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Tuesday 24 October 2017

Five reasons it's great the League of Ireland is back

Players from each of the SSE Airtricity League Premier division teams, from left, Keith Ward, Sligo Rovers, Michael Slingerman, Drogheda United, Shane Duggan, Limerick F.C, Ger O'Brien, St.Patrick's Athletic, John Dunleavy, Cork City, Jason Byrne, Bohemians F.C, Conor Kenna, Shamrock Rovers, Stephen O'Donnell, Dundalk F.C, Paul Sinnott, Galway United, Mark Sammon, Longford Town, Ryan McBride, Derry City and David Cassidy,Bray Wanderers, with Daragh Kelly, left, Head of Marketing SSE Airtricity and Fran Gavin, Director of the National League, during the launch of the SSE Airtricity League.
Players from each of the SSE Airtricity League Premier division teams, from left, Keith Ward, Sligo Rovers, Michael Slingerman, Drogheda United, Shane Duggan, Limerick F.C, Ger O'Brien, St.Patrick's Athletic, John Dunleavy, Cork City, Jason Byrne, Bohemians F.C, Conor Kenna, Shamrock Rovers, Stephen O'Donnell, Dundalk F.C, Paul Sinnott, Galway United, Mark Sammon, Longford Town, Ryan McBride, Derry City and David Cassidy,Bray Wanderers, with Daragh Kelly, left, Head of Marketing SSE Airtricity and Fran Gavin, Director of the National League, during the launch of the SSE Airtricity League.
Joseph Ndo. Picture credit: David Maher / SPORTSFILE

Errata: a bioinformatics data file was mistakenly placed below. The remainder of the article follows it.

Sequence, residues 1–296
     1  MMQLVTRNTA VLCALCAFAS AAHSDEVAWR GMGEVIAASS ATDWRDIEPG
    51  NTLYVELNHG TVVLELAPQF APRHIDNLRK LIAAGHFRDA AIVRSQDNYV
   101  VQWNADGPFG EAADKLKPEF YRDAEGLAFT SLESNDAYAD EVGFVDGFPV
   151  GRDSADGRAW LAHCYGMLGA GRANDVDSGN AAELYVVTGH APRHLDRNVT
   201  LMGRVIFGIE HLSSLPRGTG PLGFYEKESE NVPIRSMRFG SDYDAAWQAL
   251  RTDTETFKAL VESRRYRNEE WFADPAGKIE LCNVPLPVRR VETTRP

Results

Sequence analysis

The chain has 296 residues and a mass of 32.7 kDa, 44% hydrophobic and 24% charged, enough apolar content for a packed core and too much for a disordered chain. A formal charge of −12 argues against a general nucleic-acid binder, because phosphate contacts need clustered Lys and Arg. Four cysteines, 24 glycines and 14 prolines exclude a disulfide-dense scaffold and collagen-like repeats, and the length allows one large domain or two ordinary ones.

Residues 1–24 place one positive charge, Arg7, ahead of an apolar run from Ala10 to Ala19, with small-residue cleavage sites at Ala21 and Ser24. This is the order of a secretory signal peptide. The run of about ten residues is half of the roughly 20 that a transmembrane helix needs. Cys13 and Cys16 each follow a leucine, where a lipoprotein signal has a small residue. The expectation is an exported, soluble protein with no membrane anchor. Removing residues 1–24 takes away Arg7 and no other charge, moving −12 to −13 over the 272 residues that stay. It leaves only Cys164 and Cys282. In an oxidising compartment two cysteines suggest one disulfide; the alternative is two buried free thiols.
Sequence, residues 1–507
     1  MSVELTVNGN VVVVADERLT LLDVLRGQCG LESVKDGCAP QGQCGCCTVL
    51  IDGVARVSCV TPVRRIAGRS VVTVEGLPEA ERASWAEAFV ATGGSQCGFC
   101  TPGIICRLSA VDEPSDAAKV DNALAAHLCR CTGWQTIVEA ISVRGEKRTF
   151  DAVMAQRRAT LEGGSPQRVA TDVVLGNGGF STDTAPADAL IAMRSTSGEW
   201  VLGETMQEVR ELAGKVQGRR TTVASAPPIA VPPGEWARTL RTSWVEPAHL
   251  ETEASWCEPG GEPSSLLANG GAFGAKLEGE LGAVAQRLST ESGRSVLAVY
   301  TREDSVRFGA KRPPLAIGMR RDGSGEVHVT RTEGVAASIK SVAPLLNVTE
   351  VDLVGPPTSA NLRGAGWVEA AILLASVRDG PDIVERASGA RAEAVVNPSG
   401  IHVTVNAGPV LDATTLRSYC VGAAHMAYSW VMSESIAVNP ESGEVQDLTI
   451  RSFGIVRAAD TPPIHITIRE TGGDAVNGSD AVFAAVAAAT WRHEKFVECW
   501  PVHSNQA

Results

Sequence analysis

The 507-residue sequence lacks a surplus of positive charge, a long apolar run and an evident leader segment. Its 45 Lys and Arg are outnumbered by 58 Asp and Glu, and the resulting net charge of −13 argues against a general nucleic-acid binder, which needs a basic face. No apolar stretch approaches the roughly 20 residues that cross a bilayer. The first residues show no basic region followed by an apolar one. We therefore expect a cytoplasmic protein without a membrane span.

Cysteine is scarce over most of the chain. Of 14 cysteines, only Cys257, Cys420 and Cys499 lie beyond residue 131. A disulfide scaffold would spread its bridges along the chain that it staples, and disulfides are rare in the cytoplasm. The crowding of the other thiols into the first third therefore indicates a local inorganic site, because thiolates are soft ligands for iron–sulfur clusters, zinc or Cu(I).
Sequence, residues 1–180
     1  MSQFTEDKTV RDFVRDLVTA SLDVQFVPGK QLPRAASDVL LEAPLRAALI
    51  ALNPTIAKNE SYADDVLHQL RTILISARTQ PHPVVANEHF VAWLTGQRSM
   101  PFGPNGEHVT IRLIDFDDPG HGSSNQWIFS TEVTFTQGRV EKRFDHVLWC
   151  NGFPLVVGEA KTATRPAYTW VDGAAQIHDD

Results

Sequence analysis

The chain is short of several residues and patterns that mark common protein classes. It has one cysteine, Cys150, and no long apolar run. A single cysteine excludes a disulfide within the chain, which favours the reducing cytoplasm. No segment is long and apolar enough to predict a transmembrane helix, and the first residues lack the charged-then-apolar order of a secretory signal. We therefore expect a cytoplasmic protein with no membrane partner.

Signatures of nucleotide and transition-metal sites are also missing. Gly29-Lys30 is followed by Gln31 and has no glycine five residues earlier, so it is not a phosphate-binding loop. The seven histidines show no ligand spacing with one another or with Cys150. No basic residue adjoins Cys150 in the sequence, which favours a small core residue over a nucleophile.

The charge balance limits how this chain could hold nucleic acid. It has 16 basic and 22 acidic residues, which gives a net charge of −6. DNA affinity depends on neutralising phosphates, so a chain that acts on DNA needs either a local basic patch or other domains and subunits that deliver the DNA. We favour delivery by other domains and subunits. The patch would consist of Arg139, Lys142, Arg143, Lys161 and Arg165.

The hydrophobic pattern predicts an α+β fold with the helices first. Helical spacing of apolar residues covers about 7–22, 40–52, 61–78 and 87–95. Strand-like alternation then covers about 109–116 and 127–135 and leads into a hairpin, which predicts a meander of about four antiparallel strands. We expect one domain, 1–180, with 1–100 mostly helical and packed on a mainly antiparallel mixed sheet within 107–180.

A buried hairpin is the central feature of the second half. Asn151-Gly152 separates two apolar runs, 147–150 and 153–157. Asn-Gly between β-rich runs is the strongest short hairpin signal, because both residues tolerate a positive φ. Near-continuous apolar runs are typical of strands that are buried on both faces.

New faces excite but old problems remain as League of Ireland gets ready for lift-off

1 It’s back

For those who love the League of Ireland, it’s good just to have some live football back again. After one of the longest off-seasons in Europe (only the chilly Nordic countries have a longer winter break than Ireland’s 19-week closed season), LOI junkies can get their fix again. As Pats boss Liam Buckley said at the season launch last week, sadly not many people go to games but those who do go are insanely passionate about their team.

Chronic gamblers in far-off spots are also happy to see the SSE Airtricity League back in action, as the fact that we play our games (mainly) on Friday nights and through the summer when no other football is played means that there is a disproportionately large interest in, say Longford Town v Bray Wanderers in the betting shops of Istanbul and Belgrade. Welcome back, lads.

 

2 International class

Home-based players have struggled to get into the Irish U21 squad of late, never mind the pipe dream of Martin O’Neill’s senior panel, and while players like Sean Gannon, Richie Towell, Eoin Wearen, Jamie Mulhall and Mikey Drennan could, in time, play at a higher level, they will never be capped while on the books of an Irish club.